Shakespeare’s Hamlet is the perfect partner for this story, and its broad plot arc has been deftly interwoven with these actors’ story. The cast delivers Shakespeare’s dialogue with aplomb, and I may well have wanted to see them simply do Hamlet, were it not for the fascinating development of the actors’ characters. As the cast counts down to the apocalypse, their own fears, insecurities and personalities render some of Shakespeare’s most profound characters dull by comparison with these performers, whose experiences resonate spectacularly in La Mama’s confined space.
 
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Posted by on Friday, 9 October 2009 in La Mama, The Danger Ensemble, William Shakespeare

 

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I Hate Hamlet

I love going to Theatre 3. There is magic in the place. I don’t care that the decor is old and tired, I only ever notice it for a moment, because before long you feel the atmosphere of genuine theatre lovers mingling and engaging, like Liberals in the Press Club or bikies in a pub. This was what it was like at Theatre 3 last night, especially straight after the curtain went down on the opening performance of I Hate Hamlet.

The plot revolves around Andrew, a successful television soap actor from Los Angeles, who relocates to New York after having agreed to play Hamlet in a non-profit production in Central Park. Problems arise when he reveals that he hates Hamlet, and mainly agreed to play the role because of his girlfriend’s love for the play. Fortuitously, the ghost of the late, great actor Barrymore, who once occupied Andrew’s gothic apartment and played Hamlet, can return to mentor Andrew through the process of preparing for the most important role of his life.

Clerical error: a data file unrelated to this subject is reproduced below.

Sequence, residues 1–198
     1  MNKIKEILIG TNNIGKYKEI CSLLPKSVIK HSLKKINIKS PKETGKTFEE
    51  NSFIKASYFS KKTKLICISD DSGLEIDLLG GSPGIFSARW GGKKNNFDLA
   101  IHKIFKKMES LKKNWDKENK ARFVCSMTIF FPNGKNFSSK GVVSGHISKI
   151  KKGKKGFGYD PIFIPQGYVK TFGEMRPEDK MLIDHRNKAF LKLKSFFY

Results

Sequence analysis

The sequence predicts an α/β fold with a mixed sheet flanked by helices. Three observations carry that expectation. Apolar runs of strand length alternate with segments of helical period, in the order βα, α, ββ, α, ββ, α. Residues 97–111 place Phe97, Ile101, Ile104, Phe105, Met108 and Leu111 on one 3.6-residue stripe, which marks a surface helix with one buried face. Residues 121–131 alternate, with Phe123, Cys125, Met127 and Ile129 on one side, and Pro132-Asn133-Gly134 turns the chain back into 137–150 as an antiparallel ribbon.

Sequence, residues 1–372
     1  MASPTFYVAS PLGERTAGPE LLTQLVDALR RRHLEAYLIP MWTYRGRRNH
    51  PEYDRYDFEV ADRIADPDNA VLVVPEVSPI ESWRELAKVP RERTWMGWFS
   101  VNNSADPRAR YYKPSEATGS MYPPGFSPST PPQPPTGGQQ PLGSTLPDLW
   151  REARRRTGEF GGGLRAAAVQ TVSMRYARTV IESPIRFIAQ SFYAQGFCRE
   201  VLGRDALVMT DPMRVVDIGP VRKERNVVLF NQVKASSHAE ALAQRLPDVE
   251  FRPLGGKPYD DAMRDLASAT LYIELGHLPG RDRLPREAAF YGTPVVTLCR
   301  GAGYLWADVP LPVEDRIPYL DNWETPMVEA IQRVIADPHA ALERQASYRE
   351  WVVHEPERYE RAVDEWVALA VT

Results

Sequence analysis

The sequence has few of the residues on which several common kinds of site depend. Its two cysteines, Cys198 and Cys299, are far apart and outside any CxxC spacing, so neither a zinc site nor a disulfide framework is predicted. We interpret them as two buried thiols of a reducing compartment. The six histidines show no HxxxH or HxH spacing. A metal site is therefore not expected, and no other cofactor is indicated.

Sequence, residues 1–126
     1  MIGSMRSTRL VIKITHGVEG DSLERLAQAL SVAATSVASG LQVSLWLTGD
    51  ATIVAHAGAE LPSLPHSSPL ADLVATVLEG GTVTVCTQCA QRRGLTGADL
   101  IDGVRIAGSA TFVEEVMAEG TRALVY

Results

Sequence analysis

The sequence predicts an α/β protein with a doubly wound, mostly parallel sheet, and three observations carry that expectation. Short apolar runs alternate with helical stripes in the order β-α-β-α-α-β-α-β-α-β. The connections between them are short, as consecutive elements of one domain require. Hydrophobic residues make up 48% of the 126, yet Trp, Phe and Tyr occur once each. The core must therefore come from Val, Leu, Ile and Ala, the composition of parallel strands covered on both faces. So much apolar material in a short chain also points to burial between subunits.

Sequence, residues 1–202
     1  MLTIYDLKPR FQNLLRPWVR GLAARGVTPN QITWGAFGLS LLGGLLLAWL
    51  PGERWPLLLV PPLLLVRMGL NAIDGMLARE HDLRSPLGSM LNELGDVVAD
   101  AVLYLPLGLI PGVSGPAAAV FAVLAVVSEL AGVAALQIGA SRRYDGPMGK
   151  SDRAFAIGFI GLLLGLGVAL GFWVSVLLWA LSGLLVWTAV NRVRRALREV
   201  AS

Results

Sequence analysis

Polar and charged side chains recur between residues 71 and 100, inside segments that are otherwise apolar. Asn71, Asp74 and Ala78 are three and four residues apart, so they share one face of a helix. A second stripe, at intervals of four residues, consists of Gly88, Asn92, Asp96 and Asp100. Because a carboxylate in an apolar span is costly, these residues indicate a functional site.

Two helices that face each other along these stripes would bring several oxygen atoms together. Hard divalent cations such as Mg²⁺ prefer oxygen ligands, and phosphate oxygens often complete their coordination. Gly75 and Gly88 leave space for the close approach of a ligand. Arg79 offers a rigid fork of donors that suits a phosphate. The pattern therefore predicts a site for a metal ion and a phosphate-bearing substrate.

A couple of the people I spoke to afterwards expressed the same surprise I had; why had I not heard of this play? It was written way back in 1991, and is such an astute and passionate exploration of our attitudes towards Shakespeare that it shocks me to think that it isn’t part of the curriculum of every university’s theatre department. It looks quite deeply into the psyche of the greatest play of all time while still retaining a modern view that is unencumbered by social expectations about how we should view the bard. In short, it is respectful without being reverential. It treats the way society hallows Shakespeare with ridicule, while still holding a deep and profound respect for the man’s humanity, wisdom and power.

When I first started my academic careerafter dropping out of high school and bumming around dead end jobs for a few yearsone of the first pieces of literature from the English Canon that I encountered was Hamlet. I struggled with it, and came to some kind of understanding of it, rudimentary as it was. Over the years my love for the play has deepened. In the twelve years since first reading it I have seen more than ten stage productions and every film I could clap my eyes on, and I have never been disappointed by modern theatre practitioners’ capacity to glean some new kernel of wisdom from the pages. Just like Tom Stoppard’s Rosencrantz and Guildenstern are Dead, I Hate Hamlet further unpacks Shakespeare’s story, treating it as a living, breathing work of art rather than a museum piece.

Canberra Repertory’s production is simply brilliant, with the considerable talents and experience of Ian Croker in the role of Barrymore admirably matched by my old university classmate Glenn Brown as Andrew. Their swordfight was so much fun that I found found it difficult to resist the urge to get up and join in! The entire cast carries off the production brilliantly, with excellent comic timing (perhaps with a couple of hiccups that I am putting down to opening night), brilliant wit, and impeccable characterisation.

Now all I need is a show I can audition for with a sword fight…

 
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Posted by on Friday, 20 February 2009 in William Shakespeare